Indoor Air Pollutants – The Silent Assassins

By | September 24, 2017

indoor air pollution

According to World Health Organization (WHO), India accounts for nearly 80 percent deaths in South East Asia due to indoor air pollution. It’s primarily because of the use of biomass fuels in the rural part for cooking and heating. In urban India, biomass fuel for cooking and heating is rarely used, however, the indoor pollutants are still attacking the masses. We hold the outdoor pollution responsible for various health hazards and we overlook the the ill-effects of indoor pollution. Tobacco smoke, NO2 and volatile organic compounds (VOCs) are some of the common indoor air pollutants are responsible for the degrading indoor air quality.

The 5 most over looked indoor air pollutants are Dust, Environmental tobacco smoke (ETS) or secondhand smoke, Lead (Pb), Carbon monoxide (CO) and biological contaminants. Let us get informed about each one of them:

1) Dust

Dust is made up of particles in the air that settle on exterior surface. Large particles settle quickly and can be eliminated by the natural defense mechanism of the body, however small particles are airborne and are capable of passing through the body’s defenses and enter the lungs.

Source: Many sources can produce dust including: soil, pollen, lead-based paint, and burning of wood, oil, or coal.

Health Effects: Health effects vary depending upon the characteristics of the dust and any associated toxic materials. Dust particles may contain lead or other toxic materials. Other particles may be irritants or carcinogens (e.g., asbestos).

Control Measures: Keep dust to a minimum with good housekeeping. Consider damp dusting and high efficiency vacuum cleaners. Upgrade filters in ventilation systems to medium efficiency when possible and change frequently. During renovation, special precautions should be used to separate work areas from occupied areas.

2) Environmental Tobacco Smoke (ETS)

Tobacco smoke consists of solid particles, liquid droplets, vapors, and gases resulting from tobacco combustion. There are over 4,000 specific chemicals identified in the particulate and associated gases.

Source: Tobacco product combustion

Health Effects: The effects of tobacco smoke on smokers include nasal congestion, persistent cough, conjunctival irritation, headache, wheezing. Secondhand smoke is grouped as “Group A” carcinogen by EPA and has multiple health effects on children.

Control Measures: Smoke outside away from air intakes. Smoke only in designated smoking rooms that are properly ventilated and exhausted to the outdoors.

3) Lead (Pb)

Lead is a highly toxic metal.

Source: Lead is included in drinking water, food, contaminated soil and dust, and air. Lead-based paint is a common source of lead dust.

Health Effects: Lead can cause serious damage to the brain, kidneys, nervous system, and RBCs. Lead exposure in children can result in interruptions in physical development, lower IQ levels, and an increase in behavioral problems.

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Control Measures: To reduce lead exposure activities like cleaning play areas; frequently mopping floors; preventing children from chewing on window ledges and other painted areas; and ensuring that toys are cleaned frequently and hands are washed before meals.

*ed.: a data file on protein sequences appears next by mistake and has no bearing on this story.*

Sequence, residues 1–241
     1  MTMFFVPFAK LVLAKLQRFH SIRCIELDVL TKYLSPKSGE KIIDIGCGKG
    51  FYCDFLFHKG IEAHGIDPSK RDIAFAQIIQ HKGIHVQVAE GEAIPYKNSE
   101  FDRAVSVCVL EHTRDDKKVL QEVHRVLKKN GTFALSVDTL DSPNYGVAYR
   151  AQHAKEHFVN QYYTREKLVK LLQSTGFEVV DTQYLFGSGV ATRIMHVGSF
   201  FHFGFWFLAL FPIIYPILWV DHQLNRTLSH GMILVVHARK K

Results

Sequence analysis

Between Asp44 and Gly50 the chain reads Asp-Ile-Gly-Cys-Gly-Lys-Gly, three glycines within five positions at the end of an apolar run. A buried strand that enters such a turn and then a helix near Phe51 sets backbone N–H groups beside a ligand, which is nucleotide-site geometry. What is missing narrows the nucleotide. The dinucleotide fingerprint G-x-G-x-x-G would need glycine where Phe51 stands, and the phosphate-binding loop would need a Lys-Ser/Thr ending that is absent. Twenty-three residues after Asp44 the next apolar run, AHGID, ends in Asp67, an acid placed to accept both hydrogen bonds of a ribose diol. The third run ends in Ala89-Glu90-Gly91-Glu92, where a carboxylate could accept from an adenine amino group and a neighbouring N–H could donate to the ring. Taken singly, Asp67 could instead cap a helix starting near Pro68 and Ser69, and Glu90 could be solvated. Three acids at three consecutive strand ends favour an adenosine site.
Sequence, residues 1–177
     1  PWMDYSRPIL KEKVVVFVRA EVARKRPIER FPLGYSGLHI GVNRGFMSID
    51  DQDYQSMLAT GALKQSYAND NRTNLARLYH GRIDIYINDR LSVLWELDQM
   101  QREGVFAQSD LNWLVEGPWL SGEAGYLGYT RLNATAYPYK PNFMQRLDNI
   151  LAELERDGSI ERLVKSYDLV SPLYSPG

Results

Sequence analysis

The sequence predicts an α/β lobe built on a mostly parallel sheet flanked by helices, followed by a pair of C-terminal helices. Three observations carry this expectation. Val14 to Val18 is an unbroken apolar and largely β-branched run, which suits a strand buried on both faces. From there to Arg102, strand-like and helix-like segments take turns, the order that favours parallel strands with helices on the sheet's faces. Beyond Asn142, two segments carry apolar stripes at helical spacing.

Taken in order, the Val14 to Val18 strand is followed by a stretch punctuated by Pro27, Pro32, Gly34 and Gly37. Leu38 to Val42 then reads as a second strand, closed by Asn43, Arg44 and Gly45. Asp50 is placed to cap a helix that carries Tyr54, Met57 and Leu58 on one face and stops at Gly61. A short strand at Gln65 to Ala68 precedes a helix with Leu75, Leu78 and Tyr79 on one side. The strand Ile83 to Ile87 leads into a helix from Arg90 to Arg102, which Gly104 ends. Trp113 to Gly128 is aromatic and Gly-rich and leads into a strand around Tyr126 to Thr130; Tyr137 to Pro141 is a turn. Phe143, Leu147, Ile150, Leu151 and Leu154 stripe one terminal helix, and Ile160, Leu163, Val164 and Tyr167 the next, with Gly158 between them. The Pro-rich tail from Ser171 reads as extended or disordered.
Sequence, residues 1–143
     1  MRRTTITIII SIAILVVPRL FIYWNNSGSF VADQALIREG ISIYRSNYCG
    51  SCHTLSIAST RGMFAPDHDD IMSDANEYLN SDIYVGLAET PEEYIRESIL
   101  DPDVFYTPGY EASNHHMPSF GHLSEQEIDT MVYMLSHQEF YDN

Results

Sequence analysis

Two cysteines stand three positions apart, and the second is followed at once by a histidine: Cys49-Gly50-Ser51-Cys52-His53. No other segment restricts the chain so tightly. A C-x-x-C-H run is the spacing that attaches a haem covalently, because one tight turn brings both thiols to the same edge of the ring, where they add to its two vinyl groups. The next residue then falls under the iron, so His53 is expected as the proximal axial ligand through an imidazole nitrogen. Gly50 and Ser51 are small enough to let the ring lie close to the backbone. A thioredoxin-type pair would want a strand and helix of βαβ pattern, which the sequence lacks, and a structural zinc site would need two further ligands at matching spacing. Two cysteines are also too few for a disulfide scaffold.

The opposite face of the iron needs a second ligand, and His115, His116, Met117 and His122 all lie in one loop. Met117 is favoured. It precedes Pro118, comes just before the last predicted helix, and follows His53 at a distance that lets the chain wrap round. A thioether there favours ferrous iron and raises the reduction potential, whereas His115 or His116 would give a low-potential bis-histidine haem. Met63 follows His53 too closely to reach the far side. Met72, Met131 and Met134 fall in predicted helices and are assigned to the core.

4) Carbon Monoxide (CO)

Carbon monoxide (CO) is an odorless gas. It results from incomplete oxidation of carbon in combustion processes.

Sources: Common sources of CO in schools are improperly vented furnaces and malfunctioning gas ranges. Worn or poorly adjusted and maintained boilers or furnaces can be significant sources. Auto, truck, or bus exhaust from attached garages can also be sources.

Health Effects: CO is an asphyxiate. An accumulation of CO may result in a variety of symptoms deriving from the compound’s affinity for and combination with hemoglobin, forming carboxyhemoglobin (COHb) which disrupts oxygen transport. Symptoms include fatigue, headache, dizziness, nausea and vomiting.

Control Measures: Combustion equipment must be maintained to assure that there are no blockages. Vehicles should be carefully managed nearby residential complexes.

5) Biological Contaminants

Common biological contaminants include mold, dust mites, droppings and body parts from cockroaches, rodents and other pests or insects, viruses, and bacteria. Many of these biological contaminants are small enough to be inhaled.

Sources: Biological contaminants are mostly living things or produced by them. They are often found in areas that provide food and moisture. Damp or wet areas such as cooling coils and unvented bathrooms can be moldy.

Health Effects: Dust mites, pest droppings or body parts causes asthma. Biological contaminants, including molds and pollens can cause allergic reactions for a significant portion of the population.

Control Measures: General good housekeeping and maintenance of heating and air conditioning equipment are very important. Adequate ventilation and good air distribution also help. Maintaining the relative humidity between 30 and 60 percent will help control dust mites, and cockroaches. Employ integrated pest management (IPM) to control insect and animal allergens.

So guys, keep in mind it is not just about the outdoor air, but also indoor air pollutants which acts as silent assassins. You should be ready to fight these killers by following the control measures listed above. Asian Paints is taking the initiative to fight with such indoor pollutants by launching their new paint “Royale Atmos” which reduces harmful air pollutants and makes the air cleaner. Additionally, it also absorbs various foul smells & makes the air fresher. Asian Paints presents a paint that not only looks good, but also helps purify air and improve the air quality inside your home.

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